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The UK plans to ease its regime on allowing motorsport events to take place on public roads and highways, Prime Minister David Cameron announced at the opening of Formula One team Williams' new motorsport engineering facility in Oxfordshire, the Guardian reports.

 

The proposed deregulation bill will give local authorities the power to approve motor races within their jurisdiction - something that currently only Parliament can do. Expected to provide a green light for many events - from motorcyle races like the Isle of Man TT to, ultimately, a Formula One race taking place in London - the deregulation bill is scheduled to go through the House of Commons this autumn.

 

Under the proposed regime, and after consulting with local residents, local councils will be able to approve motor races that comply with a series of strict safety tests. According to the government's estimate, about 20 races might take place on public roads in the country each year. This will give local communities the chance to earn millions of pounds. Furthermore, local councils will have the opportunity to boost the economies of their counties by attracting tourists, creating new jobs and bringing in more prosperity.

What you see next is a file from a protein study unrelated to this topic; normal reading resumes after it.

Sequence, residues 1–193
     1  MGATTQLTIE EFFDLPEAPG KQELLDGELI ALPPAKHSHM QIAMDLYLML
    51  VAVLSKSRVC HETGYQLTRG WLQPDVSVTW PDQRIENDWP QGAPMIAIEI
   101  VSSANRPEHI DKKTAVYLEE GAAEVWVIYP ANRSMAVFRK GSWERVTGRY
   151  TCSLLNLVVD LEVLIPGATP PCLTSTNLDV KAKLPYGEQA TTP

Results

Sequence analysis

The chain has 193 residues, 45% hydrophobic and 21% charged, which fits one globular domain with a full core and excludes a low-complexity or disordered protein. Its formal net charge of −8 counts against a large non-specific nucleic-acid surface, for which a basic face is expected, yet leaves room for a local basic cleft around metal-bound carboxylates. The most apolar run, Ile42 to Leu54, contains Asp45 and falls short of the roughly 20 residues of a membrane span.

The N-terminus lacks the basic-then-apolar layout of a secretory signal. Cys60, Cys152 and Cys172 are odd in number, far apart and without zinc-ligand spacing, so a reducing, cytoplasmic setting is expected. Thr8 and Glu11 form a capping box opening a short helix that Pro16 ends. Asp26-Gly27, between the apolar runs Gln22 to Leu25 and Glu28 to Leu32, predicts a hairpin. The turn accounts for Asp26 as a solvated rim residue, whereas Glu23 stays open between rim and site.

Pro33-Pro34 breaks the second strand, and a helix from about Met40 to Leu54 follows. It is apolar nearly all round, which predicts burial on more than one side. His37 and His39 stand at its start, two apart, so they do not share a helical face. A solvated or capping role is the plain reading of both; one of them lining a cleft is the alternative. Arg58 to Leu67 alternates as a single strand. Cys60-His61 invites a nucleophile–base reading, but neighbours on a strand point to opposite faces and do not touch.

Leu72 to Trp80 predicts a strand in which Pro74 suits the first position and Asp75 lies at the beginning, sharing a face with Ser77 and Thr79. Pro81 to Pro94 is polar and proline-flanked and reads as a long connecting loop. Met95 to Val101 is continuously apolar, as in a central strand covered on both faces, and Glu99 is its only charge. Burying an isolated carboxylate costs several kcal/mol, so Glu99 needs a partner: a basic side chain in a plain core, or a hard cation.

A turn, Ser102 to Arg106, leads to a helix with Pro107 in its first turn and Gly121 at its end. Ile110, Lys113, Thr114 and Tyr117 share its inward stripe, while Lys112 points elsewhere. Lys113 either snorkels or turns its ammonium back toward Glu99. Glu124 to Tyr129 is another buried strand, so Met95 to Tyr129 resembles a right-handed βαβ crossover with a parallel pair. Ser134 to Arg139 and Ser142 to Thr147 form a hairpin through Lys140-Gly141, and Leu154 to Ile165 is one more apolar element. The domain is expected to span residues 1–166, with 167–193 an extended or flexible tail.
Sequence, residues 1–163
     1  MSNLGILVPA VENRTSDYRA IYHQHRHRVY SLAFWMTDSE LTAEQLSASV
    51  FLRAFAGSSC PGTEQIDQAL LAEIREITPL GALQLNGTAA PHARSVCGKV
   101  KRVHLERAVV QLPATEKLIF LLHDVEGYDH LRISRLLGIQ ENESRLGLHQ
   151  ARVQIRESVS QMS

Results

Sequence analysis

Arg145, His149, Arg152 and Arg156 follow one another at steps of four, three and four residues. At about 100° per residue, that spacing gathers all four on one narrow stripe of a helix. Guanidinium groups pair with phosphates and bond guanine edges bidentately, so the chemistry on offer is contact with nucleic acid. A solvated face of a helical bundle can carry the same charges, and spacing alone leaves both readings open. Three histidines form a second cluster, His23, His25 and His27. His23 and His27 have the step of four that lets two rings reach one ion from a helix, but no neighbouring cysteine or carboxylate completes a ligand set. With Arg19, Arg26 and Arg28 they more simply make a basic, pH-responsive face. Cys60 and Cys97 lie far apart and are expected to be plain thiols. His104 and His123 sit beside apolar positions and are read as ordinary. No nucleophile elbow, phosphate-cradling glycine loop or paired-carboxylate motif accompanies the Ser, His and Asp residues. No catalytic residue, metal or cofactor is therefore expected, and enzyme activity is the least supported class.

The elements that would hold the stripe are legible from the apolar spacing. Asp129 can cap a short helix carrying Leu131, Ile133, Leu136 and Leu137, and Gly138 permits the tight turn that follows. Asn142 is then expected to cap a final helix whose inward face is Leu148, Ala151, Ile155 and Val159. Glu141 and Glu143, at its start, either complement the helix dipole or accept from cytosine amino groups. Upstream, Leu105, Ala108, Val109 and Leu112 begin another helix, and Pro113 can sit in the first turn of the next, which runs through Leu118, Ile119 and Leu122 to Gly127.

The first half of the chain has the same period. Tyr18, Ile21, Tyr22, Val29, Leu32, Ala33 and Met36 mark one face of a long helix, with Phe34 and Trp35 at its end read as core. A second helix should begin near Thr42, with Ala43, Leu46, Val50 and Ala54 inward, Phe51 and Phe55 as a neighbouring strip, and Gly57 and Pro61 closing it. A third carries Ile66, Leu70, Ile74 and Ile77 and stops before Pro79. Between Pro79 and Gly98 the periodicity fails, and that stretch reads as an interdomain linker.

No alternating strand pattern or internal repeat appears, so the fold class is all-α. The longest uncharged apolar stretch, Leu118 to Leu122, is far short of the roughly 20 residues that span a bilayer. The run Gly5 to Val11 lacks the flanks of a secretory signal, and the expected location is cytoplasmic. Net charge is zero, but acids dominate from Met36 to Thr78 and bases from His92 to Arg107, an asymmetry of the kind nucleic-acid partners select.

Right now, it is a criminal offence to participate in a motor race on a public highway in the UK, unless it is been staged through an Act of Parliament. The Guardian gives an example with the Birmingham Superprix held between 1986 and 1990, but only after the Birmingham Road Race Act passed through Parliament with the support of Margaret Thatcher's government.

 

 

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